Bloomberg — Microsoft Corp.’s new security chief Charlie Bell issued a call to arms to build protection from hackers and criminals in the emerging metaverse from the start of the new technology.
“There’s going to be a lot of innovation and there will be a lot of struggling to figure out what has to be done,” Bell said in an interview. “But I think because of the speed, there will be fast innovation on the security side.”
The metaverse — a concept that promises to let users live, work and play within interconnected virtual worlds — will present some unique and more serious security challenges for technology and cybersecurity companies. As an example, hackers may be able to make avatars that look like a user’s trusted contacts, a twist on the traditional email phishing scheme that will be hard for users to resist, he said. The nature of the metaverse, which offers the possibility of less centralized control of content and users, also is a challenge for those trying to protect customers.
“Picture what phishing could look like in the metaverse — it won’t be a fake e-mail from your bank,” wrote Bell, Microsoft’s executive vice president, security, compliance, identity, and management, in a blog posted Monday on Microsoft’s web site. “It could be an avatar of a teller in a virtual bank lobby asking for your information. It could be an impersonation of your CEO inviting you to a meeting in a malicious virtual conference room.”
It’s critical for companies operating in the metaverse, which include Microsoft (MSFT) and Meta Platforms Inc. (FB), formerly known as Facebook, to design their new products with security and safety built in from the start, rather than bolted on later, after issues crop up. With applications likely to run the gamut from games to entertainment to corporate meetings, developers who are building the software and people using it will have to figure out how to police the metaverse, keeping out hackers, abuse, harassment and inappropriate content. The software companies will need to work together on interoperability of identities -- so a user can show they are who they say they are across multiple metaverses -- and on other security tools and steps, Bell wrote. Failing to plan ahead may doom the new technology.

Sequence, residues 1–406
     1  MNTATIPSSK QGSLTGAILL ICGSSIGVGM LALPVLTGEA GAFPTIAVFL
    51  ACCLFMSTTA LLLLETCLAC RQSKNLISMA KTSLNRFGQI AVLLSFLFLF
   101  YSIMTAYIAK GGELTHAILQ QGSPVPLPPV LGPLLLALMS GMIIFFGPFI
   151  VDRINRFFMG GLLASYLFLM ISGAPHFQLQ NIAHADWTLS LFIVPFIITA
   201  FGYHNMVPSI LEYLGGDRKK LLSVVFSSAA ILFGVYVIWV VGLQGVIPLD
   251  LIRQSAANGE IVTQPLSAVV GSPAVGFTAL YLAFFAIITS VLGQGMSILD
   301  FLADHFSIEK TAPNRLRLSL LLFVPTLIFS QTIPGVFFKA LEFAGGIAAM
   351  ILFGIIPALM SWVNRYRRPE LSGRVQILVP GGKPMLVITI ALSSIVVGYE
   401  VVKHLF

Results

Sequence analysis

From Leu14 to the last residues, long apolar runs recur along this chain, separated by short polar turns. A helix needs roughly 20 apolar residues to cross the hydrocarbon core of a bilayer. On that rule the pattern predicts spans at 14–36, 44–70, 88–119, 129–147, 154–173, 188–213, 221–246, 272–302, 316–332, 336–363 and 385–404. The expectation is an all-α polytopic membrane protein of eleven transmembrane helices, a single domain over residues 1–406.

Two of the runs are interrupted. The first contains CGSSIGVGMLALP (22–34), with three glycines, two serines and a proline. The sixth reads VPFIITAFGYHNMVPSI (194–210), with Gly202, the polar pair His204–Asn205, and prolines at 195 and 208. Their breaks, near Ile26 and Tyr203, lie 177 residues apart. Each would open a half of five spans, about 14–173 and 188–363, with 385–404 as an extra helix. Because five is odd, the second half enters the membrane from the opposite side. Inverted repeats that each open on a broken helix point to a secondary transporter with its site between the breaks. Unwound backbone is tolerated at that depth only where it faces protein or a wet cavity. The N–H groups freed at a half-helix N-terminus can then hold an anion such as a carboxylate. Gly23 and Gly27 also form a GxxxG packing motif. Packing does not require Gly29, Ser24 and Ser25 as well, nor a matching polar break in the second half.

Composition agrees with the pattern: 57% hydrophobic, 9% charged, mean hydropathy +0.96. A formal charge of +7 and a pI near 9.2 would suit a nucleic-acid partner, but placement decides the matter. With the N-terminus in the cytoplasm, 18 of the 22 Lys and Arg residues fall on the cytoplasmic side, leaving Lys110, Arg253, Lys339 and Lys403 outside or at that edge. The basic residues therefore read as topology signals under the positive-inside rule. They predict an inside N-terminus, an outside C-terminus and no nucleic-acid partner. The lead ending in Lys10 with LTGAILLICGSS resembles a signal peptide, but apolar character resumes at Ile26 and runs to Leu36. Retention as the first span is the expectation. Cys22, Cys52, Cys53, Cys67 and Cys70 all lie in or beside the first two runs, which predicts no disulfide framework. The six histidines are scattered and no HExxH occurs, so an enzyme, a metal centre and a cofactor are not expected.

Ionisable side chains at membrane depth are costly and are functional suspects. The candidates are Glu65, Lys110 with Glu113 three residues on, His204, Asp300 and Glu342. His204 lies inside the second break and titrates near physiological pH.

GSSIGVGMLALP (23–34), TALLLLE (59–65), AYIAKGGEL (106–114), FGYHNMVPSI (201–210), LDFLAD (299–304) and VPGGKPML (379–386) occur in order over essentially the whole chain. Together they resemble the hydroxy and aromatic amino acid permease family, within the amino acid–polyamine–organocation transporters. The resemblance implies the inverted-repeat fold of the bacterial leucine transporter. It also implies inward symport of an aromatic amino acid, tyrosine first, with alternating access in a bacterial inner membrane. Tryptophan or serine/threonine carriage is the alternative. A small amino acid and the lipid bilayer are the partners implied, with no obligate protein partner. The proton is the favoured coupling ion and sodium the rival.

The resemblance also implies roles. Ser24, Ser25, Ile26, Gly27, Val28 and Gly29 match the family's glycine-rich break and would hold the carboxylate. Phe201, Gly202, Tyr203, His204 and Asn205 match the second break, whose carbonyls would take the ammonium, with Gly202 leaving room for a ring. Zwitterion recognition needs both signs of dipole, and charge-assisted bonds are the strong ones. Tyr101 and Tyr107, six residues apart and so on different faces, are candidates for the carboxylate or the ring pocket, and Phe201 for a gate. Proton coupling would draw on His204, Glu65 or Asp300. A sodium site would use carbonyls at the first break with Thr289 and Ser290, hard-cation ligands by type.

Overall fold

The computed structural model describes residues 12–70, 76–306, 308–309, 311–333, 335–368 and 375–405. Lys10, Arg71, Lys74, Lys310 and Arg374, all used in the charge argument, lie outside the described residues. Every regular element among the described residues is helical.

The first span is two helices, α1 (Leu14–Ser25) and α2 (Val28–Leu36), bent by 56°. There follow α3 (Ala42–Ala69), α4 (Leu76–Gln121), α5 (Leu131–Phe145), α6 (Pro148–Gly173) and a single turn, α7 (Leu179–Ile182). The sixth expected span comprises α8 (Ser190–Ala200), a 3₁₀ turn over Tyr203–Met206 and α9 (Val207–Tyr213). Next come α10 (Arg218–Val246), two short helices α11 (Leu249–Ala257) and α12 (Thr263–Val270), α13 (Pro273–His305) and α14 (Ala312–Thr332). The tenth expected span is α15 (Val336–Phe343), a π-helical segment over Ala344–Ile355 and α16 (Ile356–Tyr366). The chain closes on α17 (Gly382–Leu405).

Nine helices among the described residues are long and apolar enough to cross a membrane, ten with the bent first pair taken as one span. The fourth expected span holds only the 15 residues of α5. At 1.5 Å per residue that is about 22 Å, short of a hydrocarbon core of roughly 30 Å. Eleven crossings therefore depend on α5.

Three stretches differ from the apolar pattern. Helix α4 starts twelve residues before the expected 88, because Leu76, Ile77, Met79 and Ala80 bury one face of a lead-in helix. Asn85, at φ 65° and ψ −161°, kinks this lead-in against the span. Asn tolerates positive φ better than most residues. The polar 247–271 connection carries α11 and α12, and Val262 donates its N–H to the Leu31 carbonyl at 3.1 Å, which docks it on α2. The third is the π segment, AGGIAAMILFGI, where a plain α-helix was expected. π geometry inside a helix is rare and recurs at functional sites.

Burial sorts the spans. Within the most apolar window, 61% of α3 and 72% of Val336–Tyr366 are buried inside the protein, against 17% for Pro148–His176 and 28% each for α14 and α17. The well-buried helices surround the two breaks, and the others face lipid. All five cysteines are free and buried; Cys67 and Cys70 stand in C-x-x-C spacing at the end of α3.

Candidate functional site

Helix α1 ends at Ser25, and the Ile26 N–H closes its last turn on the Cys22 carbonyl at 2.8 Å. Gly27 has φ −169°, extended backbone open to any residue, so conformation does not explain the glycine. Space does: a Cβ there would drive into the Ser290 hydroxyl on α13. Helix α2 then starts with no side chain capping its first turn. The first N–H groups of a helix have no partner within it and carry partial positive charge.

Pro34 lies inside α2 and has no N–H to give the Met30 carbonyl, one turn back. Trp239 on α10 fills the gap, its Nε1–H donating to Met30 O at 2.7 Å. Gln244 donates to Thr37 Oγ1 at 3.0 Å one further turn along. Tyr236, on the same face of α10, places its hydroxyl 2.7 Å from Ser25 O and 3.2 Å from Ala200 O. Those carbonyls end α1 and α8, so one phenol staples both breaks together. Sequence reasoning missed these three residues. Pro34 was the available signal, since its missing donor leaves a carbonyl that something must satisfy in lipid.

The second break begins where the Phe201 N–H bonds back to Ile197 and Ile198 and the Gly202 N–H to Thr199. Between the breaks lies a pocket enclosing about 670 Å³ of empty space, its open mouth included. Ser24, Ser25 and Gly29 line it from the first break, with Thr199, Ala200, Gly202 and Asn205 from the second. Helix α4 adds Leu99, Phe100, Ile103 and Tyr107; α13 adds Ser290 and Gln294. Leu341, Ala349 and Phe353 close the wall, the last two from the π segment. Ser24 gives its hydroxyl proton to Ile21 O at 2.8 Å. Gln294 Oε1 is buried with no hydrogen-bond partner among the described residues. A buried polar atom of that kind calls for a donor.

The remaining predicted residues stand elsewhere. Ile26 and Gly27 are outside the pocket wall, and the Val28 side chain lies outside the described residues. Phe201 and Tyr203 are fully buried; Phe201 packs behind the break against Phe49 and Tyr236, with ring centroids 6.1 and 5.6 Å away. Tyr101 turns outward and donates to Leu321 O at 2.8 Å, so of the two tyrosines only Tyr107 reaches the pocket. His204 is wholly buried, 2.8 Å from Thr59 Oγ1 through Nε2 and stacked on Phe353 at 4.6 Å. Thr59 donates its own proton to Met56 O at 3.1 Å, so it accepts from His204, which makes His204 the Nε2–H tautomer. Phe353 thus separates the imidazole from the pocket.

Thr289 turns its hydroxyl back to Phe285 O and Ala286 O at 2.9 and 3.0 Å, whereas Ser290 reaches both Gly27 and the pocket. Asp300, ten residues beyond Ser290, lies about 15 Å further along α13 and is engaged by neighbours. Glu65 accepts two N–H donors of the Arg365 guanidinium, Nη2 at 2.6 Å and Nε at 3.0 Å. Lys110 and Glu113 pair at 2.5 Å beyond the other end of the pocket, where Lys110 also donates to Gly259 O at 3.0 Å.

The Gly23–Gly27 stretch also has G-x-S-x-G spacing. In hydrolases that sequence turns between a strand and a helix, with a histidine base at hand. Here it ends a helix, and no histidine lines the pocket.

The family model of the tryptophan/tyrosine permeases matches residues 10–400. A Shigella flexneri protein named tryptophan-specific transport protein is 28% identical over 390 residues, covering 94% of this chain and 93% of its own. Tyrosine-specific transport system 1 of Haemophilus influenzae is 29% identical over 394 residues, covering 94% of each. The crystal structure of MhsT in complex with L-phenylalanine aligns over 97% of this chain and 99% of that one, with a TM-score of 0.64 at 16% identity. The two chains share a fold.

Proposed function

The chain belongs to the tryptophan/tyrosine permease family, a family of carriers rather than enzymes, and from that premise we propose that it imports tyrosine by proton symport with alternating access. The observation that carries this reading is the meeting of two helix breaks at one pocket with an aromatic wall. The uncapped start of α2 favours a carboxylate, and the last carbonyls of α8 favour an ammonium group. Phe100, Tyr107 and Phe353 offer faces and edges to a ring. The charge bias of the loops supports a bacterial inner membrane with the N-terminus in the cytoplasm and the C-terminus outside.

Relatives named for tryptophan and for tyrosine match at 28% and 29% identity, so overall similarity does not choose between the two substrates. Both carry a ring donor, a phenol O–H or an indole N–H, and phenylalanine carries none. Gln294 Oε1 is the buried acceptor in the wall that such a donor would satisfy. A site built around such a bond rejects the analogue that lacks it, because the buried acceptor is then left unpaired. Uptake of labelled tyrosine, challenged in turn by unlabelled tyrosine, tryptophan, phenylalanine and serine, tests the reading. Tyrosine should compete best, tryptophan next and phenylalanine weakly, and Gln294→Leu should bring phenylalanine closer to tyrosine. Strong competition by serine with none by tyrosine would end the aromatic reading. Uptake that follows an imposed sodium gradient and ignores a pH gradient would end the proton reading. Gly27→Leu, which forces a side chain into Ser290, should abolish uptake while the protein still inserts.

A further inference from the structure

“We have one chance at the start of this era to establish specific, core security principles that foster trust and peace of mind for metaverse experiences. If we miss this opportunity, we’ll needlessly deter the adoption of technologies with great potential for improving accessibility, collaboration, and business,” said Bell, who, until he joined Microsoft in 2021, worked many years for Andy Jassy at Amazon.com Inc.’s (AMZN) cloud unit.
With many metaverse platforms and many apps built on top of them, companies will need to work together to secure the potential gaps and seams between different systems. Tools will need to be designed such as multifactor authentication and customized ways to login without passwords. Bell also suggested something similar to recent advances in cloud security in which companies offer a single program to manage and watch security and access to multiple cloud programs from different vendors.
Still the decentralized nature of the metaverse can also be an advantage if it means multiple companies bring their security expertise to bear in things like verifying identities and providing transparent bug reports, he said.